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Study reveals how world's largest lake turned into Sahara desert dust

Study reveals how world's largest lake turned into Sahara desert dust
In its heyday some 6,000 years ago, a lake called Mega-Chad was the largest body of fresh water on the planet, with an area of 360,000 square km. A few hundred years later it's reduced to Lake Chad at only 355 square km, and an air of faded grandeur left.

Researchers from Royal Holloway, Birkbeck and Kings College, University of London used satellite images to map the abandoned shore lines around Mega-Chad and calculate their age. They managed to recreate a lake-level history spanning the last 15,000 years.

“We reconstruct the lake-level history of Lake Mega-Chad, when it was the largest African lake, and demonstrate that this humid period ended abruptly 5,000 years ago, indicating that the African monsoon exhibits a nonlinear response to insolation forcing,” researchers wrote in the journal Proceedings of the National Academy of Sciences.

image from wikipedia by NASA

They say the northern basin of Lake Mega-Chad, currently the world’s greatest dust source, dried out around 1,000 years ago. The drying of the Mega-Chad (that used to be where Lake Chad now sits on the borders of Chad, Nigeria, Cameroon and Niger) has been linked to drastic climate change and the West African Monsoon dynamics.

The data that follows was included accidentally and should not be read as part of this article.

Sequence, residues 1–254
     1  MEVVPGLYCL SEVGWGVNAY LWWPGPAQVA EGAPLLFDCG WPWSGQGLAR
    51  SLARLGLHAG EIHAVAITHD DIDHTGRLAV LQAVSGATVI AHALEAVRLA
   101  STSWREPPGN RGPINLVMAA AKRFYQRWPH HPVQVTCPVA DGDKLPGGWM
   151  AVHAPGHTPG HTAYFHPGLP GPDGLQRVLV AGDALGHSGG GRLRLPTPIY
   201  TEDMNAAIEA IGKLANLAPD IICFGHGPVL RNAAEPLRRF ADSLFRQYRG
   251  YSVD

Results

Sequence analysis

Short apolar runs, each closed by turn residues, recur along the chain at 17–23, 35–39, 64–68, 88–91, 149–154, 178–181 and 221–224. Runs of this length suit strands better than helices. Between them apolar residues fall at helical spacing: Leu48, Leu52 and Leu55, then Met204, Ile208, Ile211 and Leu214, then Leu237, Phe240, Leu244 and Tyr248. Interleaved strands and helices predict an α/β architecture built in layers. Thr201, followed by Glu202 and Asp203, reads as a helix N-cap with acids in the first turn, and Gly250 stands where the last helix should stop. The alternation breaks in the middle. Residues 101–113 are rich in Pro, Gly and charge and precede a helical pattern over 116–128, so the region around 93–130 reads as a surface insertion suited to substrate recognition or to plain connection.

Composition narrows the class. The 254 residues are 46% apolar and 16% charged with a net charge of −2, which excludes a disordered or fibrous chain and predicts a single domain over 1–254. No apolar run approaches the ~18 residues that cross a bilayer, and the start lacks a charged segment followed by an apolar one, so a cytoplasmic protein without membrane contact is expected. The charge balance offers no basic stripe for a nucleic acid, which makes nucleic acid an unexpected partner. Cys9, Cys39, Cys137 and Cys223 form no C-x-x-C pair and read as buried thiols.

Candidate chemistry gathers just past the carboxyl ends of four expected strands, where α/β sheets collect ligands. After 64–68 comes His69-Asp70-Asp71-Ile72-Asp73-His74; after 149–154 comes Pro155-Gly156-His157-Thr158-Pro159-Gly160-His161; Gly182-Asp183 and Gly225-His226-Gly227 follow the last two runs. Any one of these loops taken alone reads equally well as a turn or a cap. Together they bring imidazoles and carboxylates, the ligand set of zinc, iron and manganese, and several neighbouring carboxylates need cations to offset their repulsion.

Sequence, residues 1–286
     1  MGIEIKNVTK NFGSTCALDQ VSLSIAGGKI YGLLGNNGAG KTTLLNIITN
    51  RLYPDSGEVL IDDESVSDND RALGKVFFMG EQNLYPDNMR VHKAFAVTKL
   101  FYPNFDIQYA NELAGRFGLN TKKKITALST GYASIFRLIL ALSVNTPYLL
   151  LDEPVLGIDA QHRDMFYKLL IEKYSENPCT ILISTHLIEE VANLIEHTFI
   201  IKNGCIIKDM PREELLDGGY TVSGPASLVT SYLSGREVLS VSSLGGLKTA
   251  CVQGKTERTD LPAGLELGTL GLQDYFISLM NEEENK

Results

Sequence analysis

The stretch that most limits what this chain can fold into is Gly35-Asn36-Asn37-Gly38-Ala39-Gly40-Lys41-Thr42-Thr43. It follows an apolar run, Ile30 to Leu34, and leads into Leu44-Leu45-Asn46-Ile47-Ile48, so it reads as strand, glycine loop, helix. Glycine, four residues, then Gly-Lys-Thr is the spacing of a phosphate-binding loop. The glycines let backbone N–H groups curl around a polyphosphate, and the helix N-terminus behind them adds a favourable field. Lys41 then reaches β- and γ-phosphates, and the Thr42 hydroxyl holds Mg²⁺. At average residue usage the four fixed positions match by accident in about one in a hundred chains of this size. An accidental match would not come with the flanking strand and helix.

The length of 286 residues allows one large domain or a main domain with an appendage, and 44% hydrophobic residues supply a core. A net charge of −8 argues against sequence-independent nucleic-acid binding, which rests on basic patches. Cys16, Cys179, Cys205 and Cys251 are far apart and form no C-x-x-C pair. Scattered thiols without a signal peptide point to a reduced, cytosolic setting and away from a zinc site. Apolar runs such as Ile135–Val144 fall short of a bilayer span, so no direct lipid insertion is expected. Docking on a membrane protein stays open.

The research proves that the climate change wasn't slow-paced. It took the southern Sahara just a couple of hundred years to dry out completely.

Part of the Mega-Chad that has drained entirely is the so-called Bodélé Depression, located at the southern edge of the Sahara Desert in north-central Africa. It's the world's single greatest source of atmospheric dust, according to Science Daily. In winter, the Bodélé valley produces an average of 700,000 tonnes of dust per day, New Scientist reported. The Bodélé dust has been credited with helping to keep the Brazilian rainforest soils fertile. The researchers found, however, that a lake existed in the Bodélé basin until around 1,000 years ago.

READ MORE: NASA video shows Sahara Desert fertilizing Amazon Rainforest with dust

"The Amazon tropical forest is like a giant hanging basket," Science Daily quoted Dr. Simon Armitage from the Department of Geography at Royal Holloway as saying.

"In a hanging basket, daily watering quickly washes soluble nutrients out of the soil, and these need to be replaced using fertilizer if the plants are to survive. Similarly, heavy washout of soluble minerals from the Amazon basin means that an external source of nutrients must be maintaining soil fertility,” he added.

“As the world's most vigorous dust source, the Bodélé depression has often been cited as a likely source of these nutrients, but our findings indicate that this can only be true for the last 1,000 years," Armitage wrapped up.